Punch the Clock
(8 Wo.)UK
(14 Wo.)US
… and the Attractions
Let Them All Talk
Punch the Clock
(2 Wo.)UK
1984Peace in Our Time
Goodbye Cruel World
(3 Wo.)UK
als The Imposter
I Wanna Be Loved / Turning the Town Red
Goodbye Cruel World
(6 Wo.)UK
… and the Attractions
The Only Flame in Town
Goodbye Cruel World
(4 Wo.)UK
(9 Wo.)US
… and the Attractions; Gastsänger: Daryl Hall
1985Green Shirt
Goodbye Cruel World
(5 Wo.)UK
… and the Attractions
1986Don’t Let Me Be Misunderstood
King of America
(4 Wo.)UK
als The Costello Show featuring the Confederates
Coverversion des Animals-Hits
Tokyo Storm Warning
Blood and Chocolate
(3 Wo.)UK
… and the Attractions
(6 Wo.)UK
(14 Wo.)US
Co-Autor/Bassgitarre: Paul McCartney
Baby Plays Around (EP)
(2 Wo.)UK
1991The Other Side of Summer
Mighty Like a Rose
(4 Wo.)UK
1994Sulky Girl
Brutal Youth
(4 Wo.)UK
13 Steps Lead Down
Brutal Youth
(2 Wo.)UK
You Tripped at Every Step
Brutal Youth
(1 Wo.)UK
London’s Brilliant Parade EP
Brutal Youth
(2 Wo.)UK
… and the Attractions
1996It’s Time
All This Useless Beauty
(1 Wo.)UK
… and the Attractions
Little Atoms
All This Useless Beauty
(1 Wo.)UK
… and the Attractions
The Other End of the Telescope
All This Useless Beauty
(1 Wo.)UK
… and the Attractions
All This Useless Beauty
All This Useless Beauty
(1 Wo.)UK
… and the Attractions
Painted from Memory
(1 Wo.)UK
Notting Hill (Soundtrack)

(11 Wo.)UK
2002Tear Off Your Own Head
When I Was Cruel
(2 Wo.)UK
When I Was Cruel
(1 Wo.)UK

Weitere Singles

  • Less Than Zero (1977)
  • Alison (1977, Platz 318 der Rolling-Stone-500)
  • (The Angels Wanna Wear My) Red Shoes (1977)
  • (What’s so Funny ’Bout) Peace, Love and Understanding (1979, Platz 284 der Rolling-Stone-500)
  • From a Whisper to a Scream (1981)
  • Watch Your Step (1981)
  • The Peoples Limousine (mit T Bone Burnett als The Coward Brothers, 1985)
  • Seven Day Weekend (1986)
  • Loveable (1986)
  • I Want You (1986)
  • Blue Chair (1987)
  • A Town Called Big Nothing (1987)
  • This Town… (1989)
  • So Like Candy (1991)
  • Jacksons, Monk & Rowe (1993)
  • You Tripped at Every Step (1994)
  • Little Atoms (1996)
  • The Other End of the Telescope (1996)
  • Distorted Angel (1996)
  • All This Useless Beauty (1996)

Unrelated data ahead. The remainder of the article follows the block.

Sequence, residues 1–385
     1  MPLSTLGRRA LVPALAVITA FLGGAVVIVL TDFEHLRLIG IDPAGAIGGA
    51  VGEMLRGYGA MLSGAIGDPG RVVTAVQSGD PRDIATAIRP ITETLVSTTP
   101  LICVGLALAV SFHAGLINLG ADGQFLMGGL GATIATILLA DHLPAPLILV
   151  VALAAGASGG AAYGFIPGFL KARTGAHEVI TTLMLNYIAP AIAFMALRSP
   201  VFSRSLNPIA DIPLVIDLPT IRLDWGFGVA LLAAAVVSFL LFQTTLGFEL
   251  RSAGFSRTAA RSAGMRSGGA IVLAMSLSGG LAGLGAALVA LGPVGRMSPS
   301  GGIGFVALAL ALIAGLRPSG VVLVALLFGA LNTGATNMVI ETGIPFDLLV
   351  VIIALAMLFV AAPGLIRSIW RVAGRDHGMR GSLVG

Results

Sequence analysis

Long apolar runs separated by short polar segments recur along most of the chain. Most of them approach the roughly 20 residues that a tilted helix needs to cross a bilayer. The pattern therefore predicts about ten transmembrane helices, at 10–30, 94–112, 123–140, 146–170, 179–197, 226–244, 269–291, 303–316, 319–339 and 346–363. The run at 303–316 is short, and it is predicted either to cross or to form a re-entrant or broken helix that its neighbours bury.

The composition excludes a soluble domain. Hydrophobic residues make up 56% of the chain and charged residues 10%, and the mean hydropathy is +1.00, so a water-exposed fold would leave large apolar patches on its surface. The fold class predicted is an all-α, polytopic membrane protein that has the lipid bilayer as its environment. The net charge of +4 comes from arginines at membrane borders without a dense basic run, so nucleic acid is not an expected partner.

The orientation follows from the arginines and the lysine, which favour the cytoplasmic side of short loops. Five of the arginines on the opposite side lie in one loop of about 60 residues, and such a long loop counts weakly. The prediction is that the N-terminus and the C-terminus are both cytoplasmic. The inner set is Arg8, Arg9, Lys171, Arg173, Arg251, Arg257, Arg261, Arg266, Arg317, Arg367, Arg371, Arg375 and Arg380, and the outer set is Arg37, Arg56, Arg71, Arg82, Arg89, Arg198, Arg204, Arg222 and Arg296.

• You Bowed Down (1996)
  • I Still Have That Other Girl (mit Burt Bacharach, Grammy für Pop Vocal Collaboration)
  • Monkey to Man (2004)
  • Brilliant Mistake (2005)
  • No Hiding Place (2008)
  • Go Away (2008)
  • Complicated Shadows (2009)
  • National Ransom (2010)

Auszeichnungen für Musikverkäufe

Goldene Schallplatte

  • Australien Australien
    • 1982: für das Album Armed Forces[18]
  • Kanada Kanada
    • 1978: für das Album My Aim Is True
    • 1979: für das Album This Year’s Model
    • 1980: für das Album Get Happy!


  • Kanada Kanada
    • 1979: für das Album Armed Forces

Anmerkung: Auszeichnungen in Ländern aus den Charttabellen bzw. Chartboxen sind in ebendiesen zu finden.

Land/RegionAus­zeich­nung­en für Mu­sik­ver­käu­fe
(Land/Region, Auszeichnungen, Verkäufe, Quellen)
Silver record icon.svg SilberGold record icon.svg GoldPlatinum record icon.svg PlatinVer­käu­feQuel­len
 Australien (ARIA)0! SGold record icon.svg Gold10! P20.000Einzelnachweise
 Kanada (MC)0! SGold record icon.svg 3× Gold3Platinum record icon.svg Platin1250.000musiccanada.com
 Vereinigte Staaten (RIAA)0! SGold record icon.svg 3× Gold3Platinum record icon.svg 2× Platin23.500.000riaa.com
 Vereinigtes Königreich (BPI)Silver record icon.svg 10× Silber10Gold record icon.svg 9× Gold9Platinum record icon.svg Platin12.340.000bpi.co.uk
InsgesamtSilver record icon.svg 10× Silber10Gold record icon.svg 16× Gold16Platinum record icon.svg 4× Platin4




Commons: Elvis Costello – Sammlung von Bildern


  1. The Elvis Costello Home Page - Biography. Abgerufen am 6. Juni 2021.
  2. Week in Rock History: Elvis Costello Defies 'Saturday Night Live'. In: Rolling Stone, 12. Dezember 2011
  3. Elvis Costello and the Attractions | Rock & Roll Hall of Fame. Abgerufen am 6. Juni 2021.
  4. It Is After Considerable Contemplation..... Elviscostello.com. 15. Mai 2010. Archiviert vom Original am 14. Februar 2011. Abgerufen am 16. Januar 2011.
  5. Kulturboykott. Die BDS-Bewegung in Israel, 3sat. 1. Oktober 2010. Abgerufen am 16. Januar 2011. 
  6. The Return of the Spectacular Spinning Songbook!!! - Elvis Costello, Elvis Costello & the Imposters | Songs, Reviews, Credits | AllMusic. Abgerufen am 6. Juni 2021 (englisch).
  7. Elvis Costello: Diagnose „aggressiver“ Krebs zwingt ihn zum Tourstopp. 6. Juli 2018, abgerufen am 6. Juni 2021 (deutsch).
  8. Goodbye, cruel UK: Elvis Costello turns his back on his native land. 18. September 2011, abgerufen am 6. Juni 2021 (englisch).
  9. Nick Paumgarten: Brilliant Mistakes. Abgerufen am 28. März 2021 (amerikanisches Englisch).
  10. Elvis Costello voices ad for new Linda McCartney vegetarian food range. 18. Januar 2013, abgerufen am 28. März 2021 (englisch).
  11. Die Elvis Costello Limited-Signature auf gibson.com, abgerufen am 11. Mai 2012
  12. Internet Movie Database Two and a Half Men, Staffel 2 Episode 1: Back Off Mary Poppins (2004)
  13. 100 Greatest Artists of All Time. Rolling Stone, 2. Dezember 2010, abgerufen am 7. August 2017 (englisch).
  14. The 100 Greatest Songwriters of All Time. Rolling Stone, August 2015, abgerufen am 7. August 2017 (englisch).
  15. a b c Chartquellen: DE AT CH UK (Elvis Costello) UK2 (Imposter) US US2
  16. This Year's Model (Album) bei Allmusic
  17. Taking Liberties (Album) bei Allmusic
  18. Gold für Armed Forces in Australien (Memento vom 28. April 2012 im Internet Archive)